Hundreds of lawsuits filed on behalf of cancer patients who allegedly experienced permanent air loss due to treatment with Taxotere continue to move forward in the U.S. District Court, Eastern District of Louisiana, where a new order pertaining to the proceeding’s second bellwether trial was recently entered into the docket.
The Court’s November 14th Case Management Order governs the identification and selection of plaintiffs for that trial, noting that the parties have already submitted a list of 8 potential bellwether cases:
All of these cases will undergo phased discovery, with the first phase to conclude on June 12, 2018.
The parties will then nominate four of these Taxotere lawsuits (ranked in order of preference) to undergo the second phase of discovery.
“On June 22, 2018, the Court, after hearing from the parties, will select one or more Plaintiff(s) (Primary Plaintiff(s)) for the second trial date and will rank the remaining Plaintiffs as alternatives,” the Order states. “The parties reserve the right to object to and file motions addressing whether multiple plaintiffs may be tried in one trial. If the Primary Plaintiff’s case is dismissed for any reason, the next highest ranked Plaintiff will be set for the second trial date instead.”
Second phase discovery and additional fact witness depositions for use at the second trial, as well as any other fact discovery of the Defendants, is to be completed no later than August 1, 2018.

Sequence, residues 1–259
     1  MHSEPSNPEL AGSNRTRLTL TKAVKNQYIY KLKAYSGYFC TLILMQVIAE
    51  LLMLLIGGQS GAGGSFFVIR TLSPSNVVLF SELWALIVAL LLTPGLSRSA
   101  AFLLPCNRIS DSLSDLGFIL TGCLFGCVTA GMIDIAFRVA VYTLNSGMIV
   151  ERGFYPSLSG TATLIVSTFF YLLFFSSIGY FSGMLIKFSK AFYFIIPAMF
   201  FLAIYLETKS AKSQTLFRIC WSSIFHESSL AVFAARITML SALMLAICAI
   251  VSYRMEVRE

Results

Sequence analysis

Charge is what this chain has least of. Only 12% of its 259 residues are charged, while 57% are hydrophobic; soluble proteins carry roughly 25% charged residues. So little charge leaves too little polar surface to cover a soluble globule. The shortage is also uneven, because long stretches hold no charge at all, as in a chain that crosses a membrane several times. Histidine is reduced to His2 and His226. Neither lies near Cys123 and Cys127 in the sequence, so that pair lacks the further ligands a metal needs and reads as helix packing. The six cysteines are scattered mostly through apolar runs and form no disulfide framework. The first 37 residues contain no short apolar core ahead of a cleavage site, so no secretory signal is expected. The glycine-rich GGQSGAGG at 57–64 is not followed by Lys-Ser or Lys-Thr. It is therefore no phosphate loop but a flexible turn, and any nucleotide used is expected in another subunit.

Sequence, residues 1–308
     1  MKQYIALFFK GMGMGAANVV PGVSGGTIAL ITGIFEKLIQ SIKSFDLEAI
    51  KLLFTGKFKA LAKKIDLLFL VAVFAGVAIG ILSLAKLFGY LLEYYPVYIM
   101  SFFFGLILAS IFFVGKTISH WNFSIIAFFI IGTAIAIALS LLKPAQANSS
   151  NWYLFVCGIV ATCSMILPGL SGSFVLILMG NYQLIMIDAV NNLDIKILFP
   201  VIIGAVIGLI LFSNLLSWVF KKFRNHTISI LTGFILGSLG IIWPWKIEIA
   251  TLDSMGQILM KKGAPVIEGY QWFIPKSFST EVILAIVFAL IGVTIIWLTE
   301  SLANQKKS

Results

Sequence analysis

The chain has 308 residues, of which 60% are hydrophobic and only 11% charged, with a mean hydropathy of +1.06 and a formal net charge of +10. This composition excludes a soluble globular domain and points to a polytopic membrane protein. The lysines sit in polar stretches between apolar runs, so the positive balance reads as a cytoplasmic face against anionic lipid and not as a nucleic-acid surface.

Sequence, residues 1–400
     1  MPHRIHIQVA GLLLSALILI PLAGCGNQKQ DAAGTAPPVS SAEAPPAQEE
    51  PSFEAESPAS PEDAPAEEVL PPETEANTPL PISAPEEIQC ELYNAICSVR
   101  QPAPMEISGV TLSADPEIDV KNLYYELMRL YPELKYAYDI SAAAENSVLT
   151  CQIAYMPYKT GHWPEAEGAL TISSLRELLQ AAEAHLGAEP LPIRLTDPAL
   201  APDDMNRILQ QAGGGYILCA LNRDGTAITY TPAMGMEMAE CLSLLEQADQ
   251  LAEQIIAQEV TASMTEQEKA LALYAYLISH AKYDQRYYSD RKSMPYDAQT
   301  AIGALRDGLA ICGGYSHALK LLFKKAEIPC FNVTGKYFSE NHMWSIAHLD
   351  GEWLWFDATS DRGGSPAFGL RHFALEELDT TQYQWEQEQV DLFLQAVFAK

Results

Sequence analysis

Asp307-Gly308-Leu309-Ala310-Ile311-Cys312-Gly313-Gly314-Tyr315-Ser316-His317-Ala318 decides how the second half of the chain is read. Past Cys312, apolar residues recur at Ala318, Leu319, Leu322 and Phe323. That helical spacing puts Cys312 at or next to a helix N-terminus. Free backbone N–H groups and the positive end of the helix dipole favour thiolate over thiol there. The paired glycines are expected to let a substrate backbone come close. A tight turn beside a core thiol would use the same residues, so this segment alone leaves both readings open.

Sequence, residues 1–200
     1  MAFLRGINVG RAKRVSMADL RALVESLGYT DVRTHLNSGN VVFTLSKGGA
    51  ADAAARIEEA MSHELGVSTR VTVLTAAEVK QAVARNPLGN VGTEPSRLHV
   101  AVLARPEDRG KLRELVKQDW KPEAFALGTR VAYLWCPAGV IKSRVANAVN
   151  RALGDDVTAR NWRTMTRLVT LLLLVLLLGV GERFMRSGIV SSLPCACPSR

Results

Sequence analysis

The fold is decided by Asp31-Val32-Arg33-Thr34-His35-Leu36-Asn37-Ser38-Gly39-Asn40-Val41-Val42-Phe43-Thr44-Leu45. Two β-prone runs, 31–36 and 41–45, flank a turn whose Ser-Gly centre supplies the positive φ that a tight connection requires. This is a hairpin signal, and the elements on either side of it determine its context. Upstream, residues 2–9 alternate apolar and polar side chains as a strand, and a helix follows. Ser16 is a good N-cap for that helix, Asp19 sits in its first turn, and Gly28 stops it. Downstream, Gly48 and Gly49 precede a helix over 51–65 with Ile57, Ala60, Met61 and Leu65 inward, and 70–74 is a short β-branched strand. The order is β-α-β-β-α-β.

Expert depositions and discovery for use at the second trial must be completed no later than November 16, 2018.
A final pretrial conference will be convened on Thursday, January 17, 2019 at 9:00 a.m. The trial is scheduled to be convened on Monday, January 28, at 8:30 a.m.
More than 2,300 Taxotere lawsuits are currently pending in the Eastern District of Louisiana, where all federally-filed claims involving the chemotherapy drug’s alleged propensity to cause permanent hair loss have been centralized for coordinated pretrial proceedings.
Taxotere is manufactured by Sanofi-Aventis, and is currently approved to treat breast cancer, head and neck cancer, gastric cancer, prostate cancer and non-small cell lung cancer. Although the medication was initially approved by the Food & Drug Administration (FDA) in 1996, it was only in December 2015 that its label was updated to not permanent alopecia as a possible side effect.
While hair loss is a typical side effect of chemotherapy, plaintiffs involved in the Taxotere litigation allege that alopecia associated its use is more likely to be permanent compared to hair loss that accompanies treatment with other, equally effective medications. They also point out that the European medical community was informed of the potential for permanent hair loss in 2005, while the Canadian Taxotere label underwent a similar modification in 2012.